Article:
noun Date: 1924 any of a series of metallic elements of which the oxides are classed as rare earths and which include the elements of the lanthanide series and sometimes ...
rare earth metal
noun see rare earth element
rarebit
noun Etymology: (Welsh) rarebit Date: circa 1785 Welsh rabbit
raree-show
noun Etymology: alteration of rare show Date: 1684 a small display or scene viewed in a box ; peep show; broadly an unusual or amazing show or spectacle
rarefaction
noun Etymology: French or Medieval Latin; French raréfaction, from Medieval Latin rarefaction-, rarefactio, from Latin rarefacere to rarefy Date: 1572 1. the action or ...
rarefactional
adjective see rarefaction
rarefied
also rarified adjective Date: 1941 1. of, relating to, or interesting to a select group ; esoteric 2. very high
rarefy
also rarify verb (-fied; -fying) Etymology: Middle English rarefien, rarifien, modification of Latin rarefacere, from rarus rare + facere to make — more at do Date: 14th ...
rarely
adverb Date: 1549 1. not often ; seldom 2. with rare skill ; excellently 3. in an extreme or exceptional manner
rareness
noun see rare I
rareripe
noun Etymology: English dialect rare early + English ripe Date: 1722 1. an early ripening fruit or vegetable 2. dialect green onion
rarified
adjective see rarefied
rarify
verb see rarefy
raring
adjective Etymology: from present participle of English dialect rare to rear, alteration of English rear Date: 1909 full of enthusiasm or eagerness
Raritan
geographical name river 75 miles (121 kilometers) N central New Jersey flowing E into Raritan Bay (inlet of the Atlantic S of Staten Island, New York)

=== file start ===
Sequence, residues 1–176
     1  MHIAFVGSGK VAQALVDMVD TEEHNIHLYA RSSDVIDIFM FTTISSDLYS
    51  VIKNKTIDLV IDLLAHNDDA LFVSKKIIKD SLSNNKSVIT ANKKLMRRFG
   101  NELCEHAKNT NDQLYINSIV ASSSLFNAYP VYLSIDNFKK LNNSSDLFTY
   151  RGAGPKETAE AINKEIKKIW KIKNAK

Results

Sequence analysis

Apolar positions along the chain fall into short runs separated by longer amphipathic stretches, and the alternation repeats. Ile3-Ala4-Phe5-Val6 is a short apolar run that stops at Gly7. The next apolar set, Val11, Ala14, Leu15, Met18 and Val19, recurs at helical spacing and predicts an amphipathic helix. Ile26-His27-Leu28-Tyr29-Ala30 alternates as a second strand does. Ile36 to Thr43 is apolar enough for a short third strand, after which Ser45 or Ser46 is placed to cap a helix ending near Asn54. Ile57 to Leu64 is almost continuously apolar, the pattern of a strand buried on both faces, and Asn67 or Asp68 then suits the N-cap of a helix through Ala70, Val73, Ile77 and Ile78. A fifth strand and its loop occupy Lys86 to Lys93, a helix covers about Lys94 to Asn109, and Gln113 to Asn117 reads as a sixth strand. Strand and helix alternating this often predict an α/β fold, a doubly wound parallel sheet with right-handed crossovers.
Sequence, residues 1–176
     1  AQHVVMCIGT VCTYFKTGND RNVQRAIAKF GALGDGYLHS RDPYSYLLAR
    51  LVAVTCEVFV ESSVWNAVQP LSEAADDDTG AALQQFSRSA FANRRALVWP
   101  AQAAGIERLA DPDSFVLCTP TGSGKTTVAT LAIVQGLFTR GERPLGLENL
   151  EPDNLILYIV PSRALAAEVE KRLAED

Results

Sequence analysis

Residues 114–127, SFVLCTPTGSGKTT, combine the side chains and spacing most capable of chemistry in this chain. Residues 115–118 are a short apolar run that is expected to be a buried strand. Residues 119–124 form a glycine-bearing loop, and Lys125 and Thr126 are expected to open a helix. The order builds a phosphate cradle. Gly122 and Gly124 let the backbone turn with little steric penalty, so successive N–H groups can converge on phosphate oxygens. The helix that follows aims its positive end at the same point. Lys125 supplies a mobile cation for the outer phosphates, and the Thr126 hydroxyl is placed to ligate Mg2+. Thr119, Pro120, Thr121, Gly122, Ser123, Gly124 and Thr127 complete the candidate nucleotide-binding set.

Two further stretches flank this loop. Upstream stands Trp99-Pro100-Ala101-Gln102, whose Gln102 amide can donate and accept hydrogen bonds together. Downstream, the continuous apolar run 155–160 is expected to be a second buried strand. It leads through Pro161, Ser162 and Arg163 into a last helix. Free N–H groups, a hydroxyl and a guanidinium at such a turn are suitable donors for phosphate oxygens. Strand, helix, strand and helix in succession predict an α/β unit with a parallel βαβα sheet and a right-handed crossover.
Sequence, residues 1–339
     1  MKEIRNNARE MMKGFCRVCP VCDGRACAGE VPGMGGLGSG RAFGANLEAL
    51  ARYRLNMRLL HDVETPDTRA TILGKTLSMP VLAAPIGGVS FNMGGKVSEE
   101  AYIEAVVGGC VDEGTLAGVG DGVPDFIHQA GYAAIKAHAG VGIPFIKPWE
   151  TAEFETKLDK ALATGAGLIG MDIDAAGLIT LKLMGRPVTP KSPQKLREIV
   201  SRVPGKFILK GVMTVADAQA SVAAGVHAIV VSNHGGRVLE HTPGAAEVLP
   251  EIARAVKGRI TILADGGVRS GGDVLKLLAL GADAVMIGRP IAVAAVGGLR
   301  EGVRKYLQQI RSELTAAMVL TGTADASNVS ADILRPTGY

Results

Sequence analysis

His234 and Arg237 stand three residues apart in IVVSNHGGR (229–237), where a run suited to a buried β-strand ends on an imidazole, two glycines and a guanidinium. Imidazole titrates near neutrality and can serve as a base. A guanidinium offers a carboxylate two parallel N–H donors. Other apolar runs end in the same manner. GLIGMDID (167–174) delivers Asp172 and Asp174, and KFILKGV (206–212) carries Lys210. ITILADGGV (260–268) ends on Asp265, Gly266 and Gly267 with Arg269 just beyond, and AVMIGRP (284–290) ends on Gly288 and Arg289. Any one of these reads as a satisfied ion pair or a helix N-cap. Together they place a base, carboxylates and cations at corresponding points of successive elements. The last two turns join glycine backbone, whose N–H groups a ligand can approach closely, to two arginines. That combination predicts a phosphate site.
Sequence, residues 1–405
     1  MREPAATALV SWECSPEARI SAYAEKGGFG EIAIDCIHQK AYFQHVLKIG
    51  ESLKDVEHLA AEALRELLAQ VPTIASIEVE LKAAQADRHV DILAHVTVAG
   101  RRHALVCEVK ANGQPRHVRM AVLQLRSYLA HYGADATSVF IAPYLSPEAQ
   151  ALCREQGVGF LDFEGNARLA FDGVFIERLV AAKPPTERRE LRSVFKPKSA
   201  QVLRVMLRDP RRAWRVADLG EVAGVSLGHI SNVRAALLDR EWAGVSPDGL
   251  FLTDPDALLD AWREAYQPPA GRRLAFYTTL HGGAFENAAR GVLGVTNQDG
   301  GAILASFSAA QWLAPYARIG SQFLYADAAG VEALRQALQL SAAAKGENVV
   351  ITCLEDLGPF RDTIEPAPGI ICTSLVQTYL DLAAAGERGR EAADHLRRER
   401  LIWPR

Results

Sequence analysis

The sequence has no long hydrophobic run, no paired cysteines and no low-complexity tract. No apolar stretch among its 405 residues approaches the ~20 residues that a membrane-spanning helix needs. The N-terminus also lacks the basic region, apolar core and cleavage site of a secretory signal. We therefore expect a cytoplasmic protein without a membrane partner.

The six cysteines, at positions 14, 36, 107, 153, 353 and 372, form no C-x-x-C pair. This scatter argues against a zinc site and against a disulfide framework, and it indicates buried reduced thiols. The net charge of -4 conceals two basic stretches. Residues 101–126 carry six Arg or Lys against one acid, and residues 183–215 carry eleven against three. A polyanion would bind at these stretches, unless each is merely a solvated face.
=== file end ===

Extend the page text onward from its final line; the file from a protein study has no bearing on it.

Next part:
rarity
noun (plural -ties) Date: 1542 1. the quality, state, or fact of being rare 2. one that is rare
Rarotonga
geographical name island S Pacific in SW part of Cook Islands population 9826; site of Avarua (capital if Cook Islands)
ras
noun Usage: often attributive Etymology: probably from 1rat + sarcoma; from the isolation of such genes in rat sarcomas Date: 1982 any of a family of genes that undergo ...
Ras al-Khaimah
geographical name see Ra's al Khaymah
Ras Dashen
geographical name mountain 15,158 feet (4260 meters) N Ethiopia NE of Lake Tana; highest in Ethiopia
rasbora
noun Etymology: New Latin Date: 1931 any of a genus (Rasbora) of tiny brilliantly colored cyprinid freshwater fishes often kept in tropical aquariums
rascal
noun Etymology: Middle English rascaile foot soldiers, commoners, worthless person, from Anglo-French rascaille, from Old French dialect (Norman & Picard) *rasquer to scrape, ...
rascality
noun (plural -ties) Date: circa 1577 1. rabble 2. a. the character or actions of a rascal ; knavery b. a rascally act